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I live in a semi-rural area in Germany, close to a park which trains go through every 20 minutes.

Today, I saw something that left me perplexed.

There is a large population of birds that look like crows or ravens, yet fatter. They seem to be quite social and move around in large groups. Today, I spotted one carefully laying sticks from a nearby tree on the train track while the others seemed to spectate.

What exactly was that bird doing? Is this common? Did it have a purpose, or was it just coincidental?

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Some corvids do use tools, and are fast learners. Could these be using the train and tracks as tools to cut sticks up smaller? –  EnergyNumbers Feb 2 '13 at 10:50
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There is a book, In the Company of Crows and Ravens that details human-corvid interactions. That might provide insights for you. The link is: yalepress.yale.edu/yupbooks/book.asp?isbn=0300100760 –  kmm Feb 2 '13 at 14:05
    
@Kevin - Thanks, reading it. –  Francisco P. Feb 2 '13 at 16:12
    
@EnergyNumbers - I want to believe :) –  Francisco P. Feb 3 '13 at 0:53
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If the birds are doing in this in a place where you can watch them repeatedly, why not set up camera to watch them? I recommend a pocket camcorder with a big SD card (which is nice to have in general). I don't think anyone will be able to tell you for sure without footage of what they do after putting them on the tracks. They could have just chosen a really bad place for a nest, or it could even be courtship behavior. –  Atl LED Jan 8 at 14:28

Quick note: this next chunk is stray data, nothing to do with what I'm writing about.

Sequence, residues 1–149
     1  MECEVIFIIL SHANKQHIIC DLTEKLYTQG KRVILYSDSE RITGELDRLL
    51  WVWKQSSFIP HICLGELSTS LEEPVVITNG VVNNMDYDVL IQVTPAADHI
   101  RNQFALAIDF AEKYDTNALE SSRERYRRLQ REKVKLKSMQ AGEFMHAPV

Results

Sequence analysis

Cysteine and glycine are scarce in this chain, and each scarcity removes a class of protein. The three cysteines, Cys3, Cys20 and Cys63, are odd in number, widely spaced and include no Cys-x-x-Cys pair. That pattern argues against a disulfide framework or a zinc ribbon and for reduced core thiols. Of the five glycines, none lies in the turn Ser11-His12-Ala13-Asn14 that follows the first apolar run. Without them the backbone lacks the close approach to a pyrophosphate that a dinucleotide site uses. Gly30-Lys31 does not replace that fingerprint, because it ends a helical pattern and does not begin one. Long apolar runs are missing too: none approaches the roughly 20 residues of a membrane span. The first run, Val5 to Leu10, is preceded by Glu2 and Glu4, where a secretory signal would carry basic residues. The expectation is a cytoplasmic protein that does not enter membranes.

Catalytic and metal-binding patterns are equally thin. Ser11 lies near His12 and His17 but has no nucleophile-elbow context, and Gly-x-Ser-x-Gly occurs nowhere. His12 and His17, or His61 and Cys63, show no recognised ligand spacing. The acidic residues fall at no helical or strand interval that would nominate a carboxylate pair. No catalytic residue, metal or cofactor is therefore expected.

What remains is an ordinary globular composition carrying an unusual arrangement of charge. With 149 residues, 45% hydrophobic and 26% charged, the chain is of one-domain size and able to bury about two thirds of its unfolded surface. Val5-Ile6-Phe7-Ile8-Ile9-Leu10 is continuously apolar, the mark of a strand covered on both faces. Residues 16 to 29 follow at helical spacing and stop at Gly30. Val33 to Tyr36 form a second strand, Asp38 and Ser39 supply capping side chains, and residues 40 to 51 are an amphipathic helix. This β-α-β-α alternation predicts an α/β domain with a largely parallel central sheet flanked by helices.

2 Answers 2

There is a large population of birds that look like crows or ravens, yet fatter. They seem to be quite social and move around in large groups.

First of all, this seems like a crow. Crows are very social birds, they live in flocks or murder.

Theory: It may be a Mating Ritual?

No! The have a very spectacular mating ritual!.

Theory: It's Making a nest

Obviously No! Crows nests are always way hidden at 18-60 feet above ground(mostly) in the tree trunk.

My Theory

Crows are very curious birds. What you saw, might be a new play the young crows found. It's common that crows will do unusual thing when spectated by the elders and siblings.

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Crows have been known to use human actions in order to accomplish their own purposes: read this story about them using cars and waiting for the lights to change at a crossroads. Then of course, the question is whether they have a specific purpose in your case with these sticks, or whether it's just... for the fun of it?

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